As a result, school fell by the wayside. "It was an obstacle course for me," he admits. "On Wednesday I'd go to The Sound Factory and listen to Louis Vega and not even know why I was at school on Thursday. People didn't know what the fuck I was doing." Holding down a variety of part-time jobs - "most of them were in retail. I could sell ice to an eskimo!" - the money he saved went towards buying the first Sanchez drum machine. Well, sort of.

Here's the real story. "I actually stole my first drum machine from the music department in high school," he shrugs. Racked by guilt - "well, they weren't using it!" - Sanchez saved $800 to buy a Roland W30, the same model Armand was using. (Van Helden, in turn had got his machine from former New Kids pretty boy Jordan Knight. Did he steal his too? "Actually, I think he did! But he also taught me how to sequence on it.")

The two went on to form the Mongoloids, a collective of like-minded producers committed to creating imaginative beats within the industry. Daft Punk, Jacques Lu Cont and soon signed on the dotted line; Roger Sanchez, Sneak and The Jaxx weren't far behind.

The new friendships continued apace. While working with Erick Morillo at Double Platinum Studios, Junior met Harry 'Choo Choo' Romero and mutual respect led to creative energy and the partnership started mixing tracks like 'One In A Million' by the sadly missed Aaliyah. As Nitebreed Productions - named after the Clive Barker horror movie about a civilization that lives underneath a cemetery - their dark blend of tribal beats continues to this day. "We're already planning more collaborations," says Sanchez.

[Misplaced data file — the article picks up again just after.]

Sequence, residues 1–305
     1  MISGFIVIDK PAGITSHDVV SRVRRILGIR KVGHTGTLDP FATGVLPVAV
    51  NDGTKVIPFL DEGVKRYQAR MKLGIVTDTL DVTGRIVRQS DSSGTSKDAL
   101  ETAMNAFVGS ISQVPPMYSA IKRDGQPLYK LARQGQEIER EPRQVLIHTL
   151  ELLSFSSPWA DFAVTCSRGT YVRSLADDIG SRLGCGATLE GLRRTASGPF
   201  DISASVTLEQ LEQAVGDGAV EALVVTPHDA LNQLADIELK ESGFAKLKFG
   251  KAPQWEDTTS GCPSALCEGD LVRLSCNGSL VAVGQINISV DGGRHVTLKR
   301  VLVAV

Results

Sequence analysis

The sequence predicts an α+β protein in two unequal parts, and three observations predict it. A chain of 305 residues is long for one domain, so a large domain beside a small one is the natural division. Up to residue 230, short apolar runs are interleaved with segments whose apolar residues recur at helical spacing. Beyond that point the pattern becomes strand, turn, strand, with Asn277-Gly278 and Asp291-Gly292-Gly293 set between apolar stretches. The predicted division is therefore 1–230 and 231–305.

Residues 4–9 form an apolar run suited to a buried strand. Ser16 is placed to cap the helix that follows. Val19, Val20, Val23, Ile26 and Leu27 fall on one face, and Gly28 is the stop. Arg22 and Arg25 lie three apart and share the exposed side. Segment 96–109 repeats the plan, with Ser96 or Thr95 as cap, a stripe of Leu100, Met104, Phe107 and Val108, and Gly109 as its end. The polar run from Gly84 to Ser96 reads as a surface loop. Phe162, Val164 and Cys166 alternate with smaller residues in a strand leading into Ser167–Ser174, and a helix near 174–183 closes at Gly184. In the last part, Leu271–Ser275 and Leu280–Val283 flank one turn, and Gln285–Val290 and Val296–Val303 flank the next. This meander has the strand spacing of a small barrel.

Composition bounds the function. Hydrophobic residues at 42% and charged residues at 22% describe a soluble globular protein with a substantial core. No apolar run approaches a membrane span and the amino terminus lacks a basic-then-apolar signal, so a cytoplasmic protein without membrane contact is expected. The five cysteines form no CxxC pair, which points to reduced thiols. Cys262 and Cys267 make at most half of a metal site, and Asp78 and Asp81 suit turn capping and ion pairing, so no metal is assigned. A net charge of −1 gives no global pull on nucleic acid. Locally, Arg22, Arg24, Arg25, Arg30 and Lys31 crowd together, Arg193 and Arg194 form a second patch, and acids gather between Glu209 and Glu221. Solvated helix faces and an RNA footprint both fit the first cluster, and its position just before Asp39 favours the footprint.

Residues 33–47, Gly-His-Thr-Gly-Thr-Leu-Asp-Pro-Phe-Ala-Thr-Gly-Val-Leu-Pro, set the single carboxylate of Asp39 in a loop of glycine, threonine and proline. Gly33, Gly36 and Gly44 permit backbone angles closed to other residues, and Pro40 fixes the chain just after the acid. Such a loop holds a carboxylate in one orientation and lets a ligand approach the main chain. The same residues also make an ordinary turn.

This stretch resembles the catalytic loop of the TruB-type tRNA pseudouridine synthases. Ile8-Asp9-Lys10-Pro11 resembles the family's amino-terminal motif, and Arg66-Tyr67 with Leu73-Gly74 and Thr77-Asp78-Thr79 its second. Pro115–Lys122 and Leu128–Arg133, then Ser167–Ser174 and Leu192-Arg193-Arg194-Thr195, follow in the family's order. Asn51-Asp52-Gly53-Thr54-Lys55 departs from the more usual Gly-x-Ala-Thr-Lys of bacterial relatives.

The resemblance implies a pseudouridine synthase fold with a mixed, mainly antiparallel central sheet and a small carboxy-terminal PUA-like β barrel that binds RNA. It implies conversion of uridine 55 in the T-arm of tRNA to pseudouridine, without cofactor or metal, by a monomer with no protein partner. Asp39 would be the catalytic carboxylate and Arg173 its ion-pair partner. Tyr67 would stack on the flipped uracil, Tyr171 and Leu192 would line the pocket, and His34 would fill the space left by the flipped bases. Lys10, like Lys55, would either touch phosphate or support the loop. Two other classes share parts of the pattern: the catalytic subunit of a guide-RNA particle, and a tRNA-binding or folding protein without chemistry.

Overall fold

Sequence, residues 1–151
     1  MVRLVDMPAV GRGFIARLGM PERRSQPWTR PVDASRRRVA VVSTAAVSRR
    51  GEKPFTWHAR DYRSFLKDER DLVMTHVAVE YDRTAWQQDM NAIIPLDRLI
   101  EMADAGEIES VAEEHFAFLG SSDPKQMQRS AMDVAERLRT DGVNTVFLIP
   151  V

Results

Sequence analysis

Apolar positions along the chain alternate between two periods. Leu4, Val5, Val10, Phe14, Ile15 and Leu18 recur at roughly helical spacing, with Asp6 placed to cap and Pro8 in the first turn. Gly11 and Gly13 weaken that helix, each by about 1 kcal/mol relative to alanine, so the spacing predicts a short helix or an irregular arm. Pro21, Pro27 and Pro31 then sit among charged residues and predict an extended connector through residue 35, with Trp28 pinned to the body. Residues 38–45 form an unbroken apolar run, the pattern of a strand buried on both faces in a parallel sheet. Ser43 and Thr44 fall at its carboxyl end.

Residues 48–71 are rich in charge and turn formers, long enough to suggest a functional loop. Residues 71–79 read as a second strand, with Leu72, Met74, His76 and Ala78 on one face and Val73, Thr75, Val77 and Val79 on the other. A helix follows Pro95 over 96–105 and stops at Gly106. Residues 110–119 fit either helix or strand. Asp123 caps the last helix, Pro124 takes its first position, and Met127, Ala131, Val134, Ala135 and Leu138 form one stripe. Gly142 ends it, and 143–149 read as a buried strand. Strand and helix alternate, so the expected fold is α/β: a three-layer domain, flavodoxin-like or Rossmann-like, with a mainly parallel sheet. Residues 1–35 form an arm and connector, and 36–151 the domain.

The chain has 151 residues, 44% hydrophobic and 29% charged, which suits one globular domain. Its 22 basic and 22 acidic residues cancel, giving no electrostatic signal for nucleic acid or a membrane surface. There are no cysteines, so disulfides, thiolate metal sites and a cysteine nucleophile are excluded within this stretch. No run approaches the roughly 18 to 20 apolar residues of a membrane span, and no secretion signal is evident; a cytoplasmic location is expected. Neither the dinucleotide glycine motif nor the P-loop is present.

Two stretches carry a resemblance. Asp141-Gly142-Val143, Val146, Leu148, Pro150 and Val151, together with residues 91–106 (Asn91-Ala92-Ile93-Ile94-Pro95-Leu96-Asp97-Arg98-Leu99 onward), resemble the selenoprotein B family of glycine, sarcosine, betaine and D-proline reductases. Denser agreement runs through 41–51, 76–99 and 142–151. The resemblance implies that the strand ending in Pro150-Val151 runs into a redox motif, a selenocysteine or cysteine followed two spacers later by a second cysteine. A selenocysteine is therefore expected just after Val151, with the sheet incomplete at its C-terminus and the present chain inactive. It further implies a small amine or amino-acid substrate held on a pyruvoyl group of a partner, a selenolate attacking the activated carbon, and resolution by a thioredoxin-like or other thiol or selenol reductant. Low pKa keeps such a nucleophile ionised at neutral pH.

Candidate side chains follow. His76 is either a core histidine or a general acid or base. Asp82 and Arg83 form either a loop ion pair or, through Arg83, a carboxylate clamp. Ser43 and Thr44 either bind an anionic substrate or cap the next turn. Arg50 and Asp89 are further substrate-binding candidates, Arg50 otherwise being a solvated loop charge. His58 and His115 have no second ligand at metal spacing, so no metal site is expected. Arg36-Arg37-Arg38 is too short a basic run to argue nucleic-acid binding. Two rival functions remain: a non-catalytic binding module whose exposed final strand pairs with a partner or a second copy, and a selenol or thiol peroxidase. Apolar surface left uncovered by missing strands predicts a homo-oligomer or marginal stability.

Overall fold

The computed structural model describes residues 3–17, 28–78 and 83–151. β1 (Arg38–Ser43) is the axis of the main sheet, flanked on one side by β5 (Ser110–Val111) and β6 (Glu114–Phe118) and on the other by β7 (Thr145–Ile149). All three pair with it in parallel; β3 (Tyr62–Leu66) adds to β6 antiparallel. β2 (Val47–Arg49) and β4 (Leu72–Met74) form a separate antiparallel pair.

Junior's first solo project came in early '96 with Junior Sanchez Presents 'The Bionic Traxx' on Strictly Rhythm, which marked a significant step forward musically. A year later, Junior began touring with Roger Sanchez and DJ Sneak as the S-Men. The boy was on a roll. In 1999, 'B With U' with soul diva Dajae became an Ibiza anthem for the entire season and was eventually picked up by Manifesto, generating Junior's first Top Thirty hit. His latest endeavor, meanwhile - the idiosyncratic Cube Recordings - is an independent label concern.

Inspired by the art of collaboration - "I like to see how minds collide. It's fun, man!" - he's recently hooked up with The Rhythm Masters ("Americans in English bodies, they're from the Todd Terry School of making beats"), Christian Smith ("He never knew I liked techno but to me, music is music") and fellow eighties fanatic Felix Da Housecat. "I was doing eighties shit before the eighties blew up again. I sampled Bon Jovi back in the day!"

Thankfully, his solo album promises to eschew the pitfalls his peers have fallen into. "I'm not gonna make no crazy concept album. It's gonna be about everything that's influence me over the years. Not retro, not futuristic. After 'B With You', a lot of people thought I played Italian style house but I don't necessarily play like Roger. I have a young, excited mind. You can't do the same shit you did yesterday. I don't hoard drum breaks or hi-hat loops. I guess I'm lucky in that I'm always challenging myself."